Wednesday, November 1, 1995

The Legend of Ramdas

Legends and anecdotes of Hyderabad - 7

The Legend of Ramdas
by Narendra Luther

Gopanna was born around the year 1620 . At an early age he was inspired by Pothanna's Bhagavatham and came to revere Rama both as an ideal human being and as Paramatma i.e. supreme soul pervading the universe. Gopanna adopted Rama as his family deity and called himself his servant. Thus he earned the epithet of Ramadas - the name by which he became famous later.

In Bhadrachalam, a tribal woman called Pokala Dommaka had heard the legend of Sabari and Lord Rama. According to that, Sabari had given some berries to Rama when he had passed that way during the course of his exile. In order to make sure that the berries were sweet, Sabari ate a part of each berry before offering it to Rama. Dommaka imagined herself to be Sabari and became a great devotee of Rama. One night, the story goes, Rama appeared in her dream and told her that there were three idols - of himself, Sita and Lakshamana hidden somewhere in the nearby hillock. He also told her that in course of time a devotee of his would come and construct a proper abode for them. Dommaka searched for the idols and was successful in locating them. The local people constructed a shed for them.

Some time after that Gopanna was posted as a revenue officer of the Husnabad pargana which included Bhadrachalam. On hearing the story and seeing the idols, he took upon himself the task of building a temple dedicated to Lord Rama on the bank of the Godavari at Bhadrachalam. First, he started with his own savings. Then he collected donations. The project kept on becoming more and more ambitious and so he started dipping into the public treasury in his custody. He is said to have spent around four million rupees on the construction. A good part out of that was from government funds. For the misappropriation of public funds he was dismissed from service and imprisoned in a cell in the Golconda fort.

There Ramadas, as if in a trance, started composing and singing devotional songs. The wardens of the jail in their inspection rounds seldom checked on him. His presence there was certified by his melodious chanting of his kirtans.

Ramadas spent 12 years in jail and wrote in all 125 songs mostly kirtans. These songs reveal his varied moods - from the ecstasy of devotion when nothing mattered, to the depths of despondency when he bemoaned his fate and chided his deity for letting him down. In one of his sarcastic moods he lambasted Rama saying :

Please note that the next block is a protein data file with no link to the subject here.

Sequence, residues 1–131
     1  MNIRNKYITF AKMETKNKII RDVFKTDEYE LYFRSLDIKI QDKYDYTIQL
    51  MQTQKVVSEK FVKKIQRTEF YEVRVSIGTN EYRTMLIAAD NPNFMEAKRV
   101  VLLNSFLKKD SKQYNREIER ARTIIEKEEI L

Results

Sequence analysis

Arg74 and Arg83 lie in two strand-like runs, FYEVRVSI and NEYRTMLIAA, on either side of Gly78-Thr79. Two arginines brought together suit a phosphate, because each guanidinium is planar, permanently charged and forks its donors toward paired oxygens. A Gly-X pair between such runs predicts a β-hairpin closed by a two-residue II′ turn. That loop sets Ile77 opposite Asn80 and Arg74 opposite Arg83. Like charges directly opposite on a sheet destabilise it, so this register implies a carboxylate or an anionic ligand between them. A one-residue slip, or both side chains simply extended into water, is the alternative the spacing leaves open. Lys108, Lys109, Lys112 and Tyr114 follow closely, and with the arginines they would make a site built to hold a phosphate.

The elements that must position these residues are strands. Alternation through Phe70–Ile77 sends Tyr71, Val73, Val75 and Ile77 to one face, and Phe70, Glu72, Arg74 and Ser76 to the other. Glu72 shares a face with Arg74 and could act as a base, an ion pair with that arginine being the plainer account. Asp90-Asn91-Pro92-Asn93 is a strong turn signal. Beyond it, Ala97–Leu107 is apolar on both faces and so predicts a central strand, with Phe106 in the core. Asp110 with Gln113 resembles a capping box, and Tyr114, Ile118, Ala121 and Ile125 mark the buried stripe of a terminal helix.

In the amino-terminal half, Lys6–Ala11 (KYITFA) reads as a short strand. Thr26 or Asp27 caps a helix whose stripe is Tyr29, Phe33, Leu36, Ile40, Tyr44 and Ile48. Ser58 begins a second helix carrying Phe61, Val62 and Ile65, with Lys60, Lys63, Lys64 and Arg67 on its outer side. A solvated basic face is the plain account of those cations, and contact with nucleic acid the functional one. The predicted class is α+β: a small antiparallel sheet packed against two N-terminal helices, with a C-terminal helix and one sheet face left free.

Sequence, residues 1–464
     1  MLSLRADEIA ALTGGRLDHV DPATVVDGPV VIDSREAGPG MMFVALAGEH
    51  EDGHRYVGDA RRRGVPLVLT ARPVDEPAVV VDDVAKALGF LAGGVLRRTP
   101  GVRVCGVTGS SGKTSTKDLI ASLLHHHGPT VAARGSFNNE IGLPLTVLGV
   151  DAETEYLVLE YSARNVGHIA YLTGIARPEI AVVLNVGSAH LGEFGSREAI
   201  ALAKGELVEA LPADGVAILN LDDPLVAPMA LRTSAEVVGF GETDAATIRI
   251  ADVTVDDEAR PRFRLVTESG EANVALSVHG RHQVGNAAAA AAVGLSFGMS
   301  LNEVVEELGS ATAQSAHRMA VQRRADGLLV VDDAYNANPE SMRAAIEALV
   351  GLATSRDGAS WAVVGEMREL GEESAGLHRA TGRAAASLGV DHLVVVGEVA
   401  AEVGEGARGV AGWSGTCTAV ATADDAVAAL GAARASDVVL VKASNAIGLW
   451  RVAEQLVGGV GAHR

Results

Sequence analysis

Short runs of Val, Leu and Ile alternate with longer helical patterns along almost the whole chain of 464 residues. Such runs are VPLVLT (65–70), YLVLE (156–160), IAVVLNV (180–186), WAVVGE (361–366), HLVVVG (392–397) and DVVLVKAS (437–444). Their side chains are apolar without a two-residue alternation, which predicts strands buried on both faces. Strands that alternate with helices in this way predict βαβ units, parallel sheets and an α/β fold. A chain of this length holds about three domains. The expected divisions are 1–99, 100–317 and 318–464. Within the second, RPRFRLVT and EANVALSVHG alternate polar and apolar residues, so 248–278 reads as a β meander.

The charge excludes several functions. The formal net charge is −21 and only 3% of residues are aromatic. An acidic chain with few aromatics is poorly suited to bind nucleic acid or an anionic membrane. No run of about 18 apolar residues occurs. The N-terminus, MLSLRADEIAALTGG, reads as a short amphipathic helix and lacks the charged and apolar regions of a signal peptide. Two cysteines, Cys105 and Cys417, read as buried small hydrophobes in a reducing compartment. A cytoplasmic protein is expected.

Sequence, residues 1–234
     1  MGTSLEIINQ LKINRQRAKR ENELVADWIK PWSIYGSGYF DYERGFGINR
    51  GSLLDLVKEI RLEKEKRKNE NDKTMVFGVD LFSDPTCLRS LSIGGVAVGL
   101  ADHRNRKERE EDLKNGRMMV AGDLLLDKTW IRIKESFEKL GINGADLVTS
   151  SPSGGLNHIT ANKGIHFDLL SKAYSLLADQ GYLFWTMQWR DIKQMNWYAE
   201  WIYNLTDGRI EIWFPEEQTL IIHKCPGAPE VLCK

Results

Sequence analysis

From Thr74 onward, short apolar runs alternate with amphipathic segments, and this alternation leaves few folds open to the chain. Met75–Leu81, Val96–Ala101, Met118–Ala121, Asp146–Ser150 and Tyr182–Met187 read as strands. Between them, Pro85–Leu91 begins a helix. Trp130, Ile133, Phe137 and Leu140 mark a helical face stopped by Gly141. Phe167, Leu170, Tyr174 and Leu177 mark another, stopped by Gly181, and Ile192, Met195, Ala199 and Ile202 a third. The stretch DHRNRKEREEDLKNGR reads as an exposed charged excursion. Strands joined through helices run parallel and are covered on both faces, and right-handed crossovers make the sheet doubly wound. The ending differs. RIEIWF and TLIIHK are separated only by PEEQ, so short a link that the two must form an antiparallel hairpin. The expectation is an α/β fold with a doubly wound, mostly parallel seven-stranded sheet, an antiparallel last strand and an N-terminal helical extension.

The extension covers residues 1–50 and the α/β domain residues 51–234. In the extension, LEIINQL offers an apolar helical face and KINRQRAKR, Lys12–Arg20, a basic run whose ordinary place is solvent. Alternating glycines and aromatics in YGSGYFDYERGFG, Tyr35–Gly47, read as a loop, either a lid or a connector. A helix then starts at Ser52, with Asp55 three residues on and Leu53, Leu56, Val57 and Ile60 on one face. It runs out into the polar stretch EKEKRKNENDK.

"With great devotion and love I got the aigrette made for you. At whose expense are you wearing it and strutting about ? Did your father Dasaratha provide it to you or did your father-in-law Janaka give it to you ?"

Then, suddenly, he would realize that he had been insolent. He was then overtaken by remorse and would entreat his Lord :

"Do not take amiss what I said. I said all that because I could not bear the torture in the jail. I burst out in pain and scolded you."

In another song he rebuked Lord Rama and requested him to see that his debt was repaid.

In one complaint to Sita, Ramadas had the temerity to allege that Rama was Dharmaheena i.e. devoid of righteousness.

And thus for twelve long years, he carried on his frenzied one man kirtans in his cell.

The story goes that one night he was visited by two young handsome princes with long hair and armed with bow and arrow. How could he not recognize them ? Ramadas was dazed, but he did not stop his recitations till he heard his name. "Ramadas I have come. I am here on your summons," the dark one, Rama said with his charming smile.

And with a mocking tone Ramadas replied : "My Lord I am here because of you. I did not know you punished your devotees !"

"It is all over now," Lord Rama said - and the two princes disappeared.

The next day there was a furore in the fort. The sultan was visiting the jail himself. He made straight for the cell in which Ramadas was lodged. He took the key from the superintendent and ordered the removal of shackles from the prisoner's body.

"Ramadas, you have suffered enough punishment. Your dues have been discharged. You are free to go now."

"But Your Majesty ..." Ramadas faltered, "I haven't ..."
"Somebody paid for you," smiled the sultan. Ramadas was incredulous. "But who could it be, My Lord ?"

"I do not know," replied Tana Shah, "last night two young and handsome princes came to my chambers. One was slightly dark. He placed a bag near my feet and said : "Here is what Ramadas owes you. Let him be released now."

"My Lord, My God," cried Ramadas falling at the sultan's feet. "So you have seen them too. My penance is over."

"You can resume your duties now," said Tana Shah in a gesture of forgiveness.

"My duties are now in the temple where my deity lives." Ramadas folded his hand and made a bow to the sultan.

This was some time in 1683. Tana Shah, to make up for the years of incarceration of Ramadas, granted a jagir of three villages Sankaragiripatti, Polavancha and Bhadrachalam for the maintenance of the temple. Ramadas, now a living legend, spent the few remaining years of his life composing and singing songs and looking after the temple.

Ramadas wrote in a simple homely language. He had a good knowledge of tradition and his verses are replete with devotional sentiment. His compositions can be sung by common folks without any formal training in music. He therefore, became a people's composer and has remained so till today. In the south he is a revered household name and you are likely to hear his kirtans in any religious congregation.

History and legend have blended so beautifully in the life of Ramadas and one would not like to separate them. The Nizam's government used to present jewels for Rama and Sita on Ramanavami. Now this is done personally by the chief minister of the state.

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